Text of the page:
Clinical ethics consultations exist to support patients, families and clinicians who are facing ethical or moral challenges related to patient care. They provide a forum for open communication, where all stakeholders are encouraged to express their concerns and articulate their viewpoints. Ethics consultations can be requested by patients, caregivers or members of a patient’s clinical or supportive team. Although patients and by extension their families are the common denominators in most ethics consultations, these constituents are the least likely to request (...) them. At many healthcare organisations in the USA, ethics consultations are overwhelmingly requested by physicians and other clinicians. We believe it is vital that healthcare institutions bridge the knowledge gaps and power imbalances over access to ethics consultation services through augmented policies, procedures and infrastructure. With enhanced education and support, patients and families may use ethics consultation to elevate their voices and prioritise their unique characteristics and preferences in the delivery of their healthcare. Empowering patients and families to request ethics consultation can only strengthen the patient/family–clinician relationship, enhance the shared decision-making model of care and ultimately lead to improved patient-centred care. (shrink)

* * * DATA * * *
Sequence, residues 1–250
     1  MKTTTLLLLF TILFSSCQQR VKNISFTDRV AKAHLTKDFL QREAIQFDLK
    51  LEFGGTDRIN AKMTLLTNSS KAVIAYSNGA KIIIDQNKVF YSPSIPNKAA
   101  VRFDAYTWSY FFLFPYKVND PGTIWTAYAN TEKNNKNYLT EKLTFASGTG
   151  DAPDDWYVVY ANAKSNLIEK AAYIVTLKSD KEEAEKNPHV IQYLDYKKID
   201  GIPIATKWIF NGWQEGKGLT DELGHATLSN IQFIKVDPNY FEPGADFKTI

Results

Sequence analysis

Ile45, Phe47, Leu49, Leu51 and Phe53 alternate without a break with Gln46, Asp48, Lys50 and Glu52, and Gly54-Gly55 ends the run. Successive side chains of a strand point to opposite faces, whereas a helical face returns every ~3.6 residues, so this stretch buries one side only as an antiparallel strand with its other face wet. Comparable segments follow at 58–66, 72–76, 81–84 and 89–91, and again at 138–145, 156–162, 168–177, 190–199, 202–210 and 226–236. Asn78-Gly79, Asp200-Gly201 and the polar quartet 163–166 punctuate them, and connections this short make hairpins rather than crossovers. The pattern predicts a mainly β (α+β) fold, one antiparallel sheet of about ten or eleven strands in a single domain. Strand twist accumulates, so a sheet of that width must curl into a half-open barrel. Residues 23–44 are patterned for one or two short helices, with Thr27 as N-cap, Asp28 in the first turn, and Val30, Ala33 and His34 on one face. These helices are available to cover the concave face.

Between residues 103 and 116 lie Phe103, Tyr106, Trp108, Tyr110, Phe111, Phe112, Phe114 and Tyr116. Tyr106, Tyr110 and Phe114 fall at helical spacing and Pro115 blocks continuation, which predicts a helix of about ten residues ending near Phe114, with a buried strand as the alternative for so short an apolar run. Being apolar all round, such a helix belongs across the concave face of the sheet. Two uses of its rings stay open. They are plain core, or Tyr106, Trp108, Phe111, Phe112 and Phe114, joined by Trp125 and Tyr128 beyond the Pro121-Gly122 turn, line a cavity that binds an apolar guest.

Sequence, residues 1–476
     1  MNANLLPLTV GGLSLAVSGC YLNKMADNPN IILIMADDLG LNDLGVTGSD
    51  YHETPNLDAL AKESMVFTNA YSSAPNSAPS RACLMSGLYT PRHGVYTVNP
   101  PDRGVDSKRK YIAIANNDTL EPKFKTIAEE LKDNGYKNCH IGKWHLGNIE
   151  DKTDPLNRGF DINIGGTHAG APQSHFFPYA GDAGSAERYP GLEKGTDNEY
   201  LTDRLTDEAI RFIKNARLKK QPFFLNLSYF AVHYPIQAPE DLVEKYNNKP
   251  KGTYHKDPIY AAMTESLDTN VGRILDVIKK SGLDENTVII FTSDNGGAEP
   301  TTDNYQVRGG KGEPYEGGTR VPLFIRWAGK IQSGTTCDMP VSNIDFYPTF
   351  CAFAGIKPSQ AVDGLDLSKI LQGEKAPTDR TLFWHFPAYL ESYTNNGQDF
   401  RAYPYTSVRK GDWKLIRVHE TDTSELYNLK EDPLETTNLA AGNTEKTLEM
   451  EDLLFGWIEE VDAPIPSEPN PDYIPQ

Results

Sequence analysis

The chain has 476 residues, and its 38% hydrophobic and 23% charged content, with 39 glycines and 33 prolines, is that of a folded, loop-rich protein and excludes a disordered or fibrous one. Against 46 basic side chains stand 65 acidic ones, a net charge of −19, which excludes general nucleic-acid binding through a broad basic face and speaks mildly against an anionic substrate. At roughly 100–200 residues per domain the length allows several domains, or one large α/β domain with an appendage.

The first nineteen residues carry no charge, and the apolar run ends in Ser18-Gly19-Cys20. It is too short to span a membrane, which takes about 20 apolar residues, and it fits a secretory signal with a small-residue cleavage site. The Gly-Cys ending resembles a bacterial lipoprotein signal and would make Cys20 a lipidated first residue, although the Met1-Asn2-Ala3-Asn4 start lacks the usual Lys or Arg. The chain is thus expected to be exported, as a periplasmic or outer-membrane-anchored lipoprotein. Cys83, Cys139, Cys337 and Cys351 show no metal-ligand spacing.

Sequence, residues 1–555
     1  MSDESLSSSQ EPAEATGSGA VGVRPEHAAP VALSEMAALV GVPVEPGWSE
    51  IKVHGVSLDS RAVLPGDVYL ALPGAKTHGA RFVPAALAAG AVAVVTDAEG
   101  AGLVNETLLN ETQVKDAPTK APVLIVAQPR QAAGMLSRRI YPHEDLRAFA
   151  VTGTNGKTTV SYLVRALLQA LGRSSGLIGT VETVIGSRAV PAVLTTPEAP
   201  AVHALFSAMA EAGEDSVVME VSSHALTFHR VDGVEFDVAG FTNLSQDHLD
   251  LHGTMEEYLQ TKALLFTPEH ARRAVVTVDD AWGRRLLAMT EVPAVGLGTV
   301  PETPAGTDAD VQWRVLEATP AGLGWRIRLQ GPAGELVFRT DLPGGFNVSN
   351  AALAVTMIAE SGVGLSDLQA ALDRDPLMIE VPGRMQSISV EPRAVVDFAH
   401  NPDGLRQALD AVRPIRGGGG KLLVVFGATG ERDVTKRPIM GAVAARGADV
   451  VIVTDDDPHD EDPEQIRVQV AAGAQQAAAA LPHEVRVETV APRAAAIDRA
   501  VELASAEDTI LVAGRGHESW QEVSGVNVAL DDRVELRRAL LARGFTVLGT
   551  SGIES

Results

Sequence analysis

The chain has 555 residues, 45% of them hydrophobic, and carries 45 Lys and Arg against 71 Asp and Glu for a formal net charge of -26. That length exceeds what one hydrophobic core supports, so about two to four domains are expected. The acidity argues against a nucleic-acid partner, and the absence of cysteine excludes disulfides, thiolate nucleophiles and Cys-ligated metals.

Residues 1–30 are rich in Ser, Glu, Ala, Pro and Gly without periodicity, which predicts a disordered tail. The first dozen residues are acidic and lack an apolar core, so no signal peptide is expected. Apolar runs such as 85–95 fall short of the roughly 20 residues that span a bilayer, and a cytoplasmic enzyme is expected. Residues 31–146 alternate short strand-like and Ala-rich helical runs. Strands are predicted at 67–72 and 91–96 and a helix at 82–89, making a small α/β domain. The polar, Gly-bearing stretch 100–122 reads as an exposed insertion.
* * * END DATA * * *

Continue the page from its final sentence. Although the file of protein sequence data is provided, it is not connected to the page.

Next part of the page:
The interpretation of Hegel has been a focal point of philosophical controversy ever since the beginning of the twentieth century, both among Marxists and in the major European philosophical schools. Yet despite wide differences of emphasis most interpretations of Hegel share important similarities. They link his idea of Reason to the revolutionary and rationalist tradition which led to the French Revolution, and they interpret his dialectic as implying a latently atheist and even materialist world outlook. Lucio Colletti directly challenges (...) this picture of Hegel. He argues that Hegel was an essentially Christian philosopher, and that his dialectic was explicitly anti-materialist in both intention and effect. In contrast to earlier views, Colletti maintains that there is no contradiction between Hegel’s method and his system, once it is accepted that his thought is an exercise in Absolute Idealism stemming from a long Christian humanist tradition. He claims, on the contrary, that intellectual inconsistency is rather to be found in the works of Engels, Lenin, Lukás, Kojève and others, who have attempted to adapt Hegel to their own philosophical priorities. Colletti places his argument in the context of a broad re-examination of the whole relationship between Marxism and the Enlightenment, giving novel emphasis to the relationship between Marxism and Kant. He concludes by re-asserting the importance in Marxism of empirical science against the claim of “infinite reason,” while at the same time showing how Marx did transform key ideas in Hegelian thought to construct a consistently materialist dialectic. (shrink)